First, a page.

Current Hepatitis Reports

, Volume 8, Supplement 1, pp 13–17

Autoantibodies in Hepatitis C Infection: What Do They Mean?

Article

DOI: 10.1007/s11901-010-0084-9

Cite this article as:
Pan, JJ. & Firpi, R.J. Curr Hepatitis Rep (2009) 8(Suppl 1): 13. doi:10.1007/s11901-010-0084-9

Non–organ-specific autoantibodies, including antinuclear antibodies, anti–smooth muscle antibodies, and anti–liver/kidney microsomal type 1 antibodies, are present in about one third of patients with chronic hepatitis C. Two theories of autoantibody generation in patients with hepatitis C are proposed. The first proposes that the binding of hepatitis C virus to CD81 on B-lymphocytes lowers the activation threshold of these cells, thus facilitating the production of autoantibodies. The second proposes that the autoantibodies are produced through molecular mimicry. Unfortunately, the pathogenic role of these autoantibodies remains controversial. In addition, whether the autoantibodies can adversely affect treatment outcomes when patients receive interferon-α is unclear. Although the presence of autoantibodies in patients with hepatitis C is not considered a contraindication to interferon therapy, patients should be monitored carefully while on therapy.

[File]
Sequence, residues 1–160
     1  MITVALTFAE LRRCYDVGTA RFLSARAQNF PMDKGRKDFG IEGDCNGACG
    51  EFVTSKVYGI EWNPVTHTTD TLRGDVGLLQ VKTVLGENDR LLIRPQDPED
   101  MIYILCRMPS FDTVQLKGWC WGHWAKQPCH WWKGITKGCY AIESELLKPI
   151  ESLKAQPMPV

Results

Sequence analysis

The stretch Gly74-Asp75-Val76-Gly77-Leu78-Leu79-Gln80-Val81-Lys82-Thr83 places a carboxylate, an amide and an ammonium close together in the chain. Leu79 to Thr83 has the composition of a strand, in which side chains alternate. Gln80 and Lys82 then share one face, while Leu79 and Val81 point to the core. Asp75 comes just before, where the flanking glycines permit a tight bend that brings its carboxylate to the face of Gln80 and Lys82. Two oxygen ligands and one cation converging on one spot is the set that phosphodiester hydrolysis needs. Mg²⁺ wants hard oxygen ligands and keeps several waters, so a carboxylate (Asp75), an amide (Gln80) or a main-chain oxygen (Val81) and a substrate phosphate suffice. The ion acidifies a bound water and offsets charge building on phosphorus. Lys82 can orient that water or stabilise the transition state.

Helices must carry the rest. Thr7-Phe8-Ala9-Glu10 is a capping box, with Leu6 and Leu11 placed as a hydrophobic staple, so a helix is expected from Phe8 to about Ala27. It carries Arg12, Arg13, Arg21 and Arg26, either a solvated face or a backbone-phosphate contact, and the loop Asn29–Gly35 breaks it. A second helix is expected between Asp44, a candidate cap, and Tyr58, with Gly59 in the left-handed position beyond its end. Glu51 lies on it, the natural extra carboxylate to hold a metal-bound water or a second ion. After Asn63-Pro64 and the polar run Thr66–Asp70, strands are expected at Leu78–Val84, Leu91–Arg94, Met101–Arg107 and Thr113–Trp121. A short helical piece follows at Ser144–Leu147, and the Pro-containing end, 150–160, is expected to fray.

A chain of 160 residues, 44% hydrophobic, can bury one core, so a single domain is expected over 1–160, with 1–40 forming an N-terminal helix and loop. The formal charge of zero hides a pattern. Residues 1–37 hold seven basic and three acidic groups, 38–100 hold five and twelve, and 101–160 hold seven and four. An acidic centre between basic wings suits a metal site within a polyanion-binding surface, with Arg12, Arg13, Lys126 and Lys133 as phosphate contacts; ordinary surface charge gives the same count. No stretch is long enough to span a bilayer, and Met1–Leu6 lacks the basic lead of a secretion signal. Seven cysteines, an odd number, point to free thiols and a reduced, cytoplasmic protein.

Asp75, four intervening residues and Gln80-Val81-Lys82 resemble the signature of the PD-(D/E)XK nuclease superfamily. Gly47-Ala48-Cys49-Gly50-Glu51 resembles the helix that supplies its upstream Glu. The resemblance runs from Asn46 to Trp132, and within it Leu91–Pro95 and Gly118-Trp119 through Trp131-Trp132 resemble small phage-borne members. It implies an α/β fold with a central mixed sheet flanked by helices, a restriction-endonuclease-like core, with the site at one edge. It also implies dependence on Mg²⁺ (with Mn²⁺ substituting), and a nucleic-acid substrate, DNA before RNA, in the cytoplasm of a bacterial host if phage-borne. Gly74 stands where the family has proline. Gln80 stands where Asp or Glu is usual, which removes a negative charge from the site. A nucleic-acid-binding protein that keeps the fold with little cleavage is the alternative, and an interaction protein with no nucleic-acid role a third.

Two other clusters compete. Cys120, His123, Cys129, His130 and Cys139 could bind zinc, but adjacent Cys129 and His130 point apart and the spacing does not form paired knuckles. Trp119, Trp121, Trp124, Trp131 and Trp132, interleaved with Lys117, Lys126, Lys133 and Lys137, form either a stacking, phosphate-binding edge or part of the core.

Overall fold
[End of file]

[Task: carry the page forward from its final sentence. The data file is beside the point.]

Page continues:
Copyright information

© Springer Science+Business Media, LLC 2009

Authors and Affiliations

  1. 1.Section of Hepatobiliary Diseases, Room M483, Division of Gastroenterology, Hepatology, and Nutrition, Department of MedicineUniversity of FloridaGainesvilleUSA